Purchase this article with an account.
Emma Ferneyhough, Ming Meng, Frank Tong; Interactions between binocular rivalry and perceptual filling-in of visual phantoms. Journal of Vision 2006;6(6):45. doi: 10.1167/6.6.45.
Download citation file:
© ARVO (1962-2015); The Authors (2016-present)
By investigating the interactions between binocular rivalry and filling-in, it may be possible to gain insight into how selective and constructive visual mechanisms interact to determine the outcome of conscious perception. Previously, we have shown that visual phantoms lead to neuronal filling-in of activity in V1 and V2, which can be dynamically gated by rivalry suppression (Meng, Remus & Tong, Nature Neuroscience, 2005). Here, we used psychophysical methods to study the temporal dynamics of filling-in by using flash suppression to trigger the phenomenal suppression or appearance of visual phantoms. In one condition, two vertical phantom-inducing gratings (separated by a horizontal gap) were presented to one eye for several seconds, followed by a dichoptic mask that consisted of two horizontal gratings presented to corresponding locations of the other eye. Observers reported when the visual phantom disappeared. In the opposite condition, two horizontal gratings were followed by two vertical phantom-inducing gratings, and observers reported when the phantom appeared. Stimulus contrasts and durations were adjusted to maximize dichoptic masking, and the gap size varied from 2–5 degrees. Although the onset of vertical grating masks eventually led to phantom filling-in, more time was required for filling-in to occur across larger gaps. In contrast, the horizontal masks led to equally rapid suppression of the visual phantom, independent of gap size. This asymmetry in the time required for perceptual completion and suppression of visual phantoms suggests that mechanisms involved in rivalry suppression precede those involved in phantom filling-in.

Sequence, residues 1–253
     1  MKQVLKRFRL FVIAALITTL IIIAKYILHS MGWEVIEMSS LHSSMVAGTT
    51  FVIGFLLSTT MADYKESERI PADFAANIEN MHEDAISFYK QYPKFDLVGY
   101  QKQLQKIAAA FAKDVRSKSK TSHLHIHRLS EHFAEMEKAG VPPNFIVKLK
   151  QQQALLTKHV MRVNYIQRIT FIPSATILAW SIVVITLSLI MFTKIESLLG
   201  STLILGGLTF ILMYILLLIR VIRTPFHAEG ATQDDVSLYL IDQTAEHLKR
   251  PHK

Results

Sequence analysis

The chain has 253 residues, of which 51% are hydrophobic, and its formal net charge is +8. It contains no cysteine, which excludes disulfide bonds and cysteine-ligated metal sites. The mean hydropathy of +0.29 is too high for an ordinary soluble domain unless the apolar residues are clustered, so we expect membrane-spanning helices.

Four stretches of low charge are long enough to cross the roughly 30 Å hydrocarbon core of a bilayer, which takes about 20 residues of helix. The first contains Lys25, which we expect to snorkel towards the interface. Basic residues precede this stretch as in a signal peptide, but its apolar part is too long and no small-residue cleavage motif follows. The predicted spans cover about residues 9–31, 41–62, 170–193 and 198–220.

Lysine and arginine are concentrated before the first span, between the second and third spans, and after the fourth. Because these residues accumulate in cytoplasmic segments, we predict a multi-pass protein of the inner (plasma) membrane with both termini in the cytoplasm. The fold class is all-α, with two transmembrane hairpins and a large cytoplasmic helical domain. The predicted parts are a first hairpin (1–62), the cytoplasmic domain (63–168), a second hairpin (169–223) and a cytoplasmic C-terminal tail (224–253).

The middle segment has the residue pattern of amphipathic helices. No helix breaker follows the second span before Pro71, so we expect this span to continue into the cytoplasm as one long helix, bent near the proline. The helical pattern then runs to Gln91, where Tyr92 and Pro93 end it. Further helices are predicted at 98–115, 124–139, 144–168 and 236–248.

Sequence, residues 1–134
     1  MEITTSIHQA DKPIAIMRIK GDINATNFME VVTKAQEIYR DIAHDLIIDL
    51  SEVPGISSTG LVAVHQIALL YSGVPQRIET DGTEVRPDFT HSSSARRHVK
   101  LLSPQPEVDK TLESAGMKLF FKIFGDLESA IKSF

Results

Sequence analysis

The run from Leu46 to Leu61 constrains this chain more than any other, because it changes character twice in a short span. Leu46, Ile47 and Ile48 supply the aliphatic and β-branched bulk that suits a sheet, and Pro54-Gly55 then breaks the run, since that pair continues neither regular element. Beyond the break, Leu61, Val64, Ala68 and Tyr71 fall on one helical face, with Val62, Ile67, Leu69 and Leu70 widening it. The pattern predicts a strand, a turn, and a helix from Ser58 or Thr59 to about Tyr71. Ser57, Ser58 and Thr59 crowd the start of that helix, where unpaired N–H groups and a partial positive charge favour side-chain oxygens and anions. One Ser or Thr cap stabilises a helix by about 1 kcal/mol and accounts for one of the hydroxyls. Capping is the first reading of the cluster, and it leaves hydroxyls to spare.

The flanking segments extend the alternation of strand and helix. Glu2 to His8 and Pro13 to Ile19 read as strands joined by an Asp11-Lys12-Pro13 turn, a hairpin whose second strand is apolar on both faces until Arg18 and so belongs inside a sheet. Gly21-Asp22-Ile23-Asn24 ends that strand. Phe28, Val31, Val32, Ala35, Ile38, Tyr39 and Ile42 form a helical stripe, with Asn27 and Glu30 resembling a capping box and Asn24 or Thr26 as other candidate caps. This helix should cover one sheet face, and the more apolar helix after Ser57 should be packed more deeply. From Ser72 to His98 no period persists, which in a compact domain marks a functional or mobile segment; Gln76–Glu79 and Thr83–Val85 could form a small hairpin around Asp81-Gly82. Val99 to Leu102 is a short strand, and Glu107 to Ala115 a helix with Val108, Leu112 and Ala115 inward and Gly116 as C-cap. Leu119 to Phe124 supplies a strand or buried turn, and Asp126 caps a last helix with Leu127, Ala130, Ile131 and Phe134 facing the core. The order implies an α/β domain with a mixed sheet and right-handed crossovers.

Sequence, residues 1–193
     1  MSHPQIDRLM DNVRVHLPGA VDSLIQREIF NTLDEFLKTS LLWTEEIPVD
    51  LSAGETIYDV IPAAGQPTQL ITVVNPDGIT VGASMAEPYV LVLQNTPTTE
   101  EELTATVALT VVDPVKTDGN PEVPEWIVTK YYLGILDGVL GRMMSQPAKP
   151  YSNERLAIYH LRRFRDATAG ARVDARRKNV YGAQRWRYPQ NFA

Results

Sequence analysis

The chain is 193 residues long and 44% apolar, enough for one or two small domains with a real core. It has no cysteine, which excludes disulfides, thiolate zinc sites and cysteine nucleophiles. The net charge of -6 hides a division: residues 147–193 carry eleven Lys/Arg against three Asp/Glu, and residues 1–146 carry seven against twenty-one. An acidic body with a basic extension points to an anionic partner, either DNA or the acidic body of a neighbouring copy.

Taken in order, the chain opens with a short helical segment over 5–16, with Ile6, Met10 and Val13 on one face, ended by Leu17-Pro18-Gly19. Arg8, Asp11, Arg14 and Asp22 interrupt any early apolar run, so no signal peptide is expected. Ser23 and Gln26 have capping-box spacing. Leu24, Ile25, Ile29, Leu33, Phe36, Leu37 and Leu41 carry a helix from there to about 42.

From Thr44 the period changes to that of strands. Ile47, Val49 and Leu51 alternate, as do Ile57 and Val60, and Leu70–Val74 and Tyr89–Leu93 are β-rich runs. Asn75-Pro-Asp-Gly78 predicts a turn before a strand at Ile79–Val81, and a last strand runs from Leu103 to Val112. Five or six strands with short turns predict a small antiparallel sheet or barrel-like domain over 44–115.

This PDF is available to Subscribers Only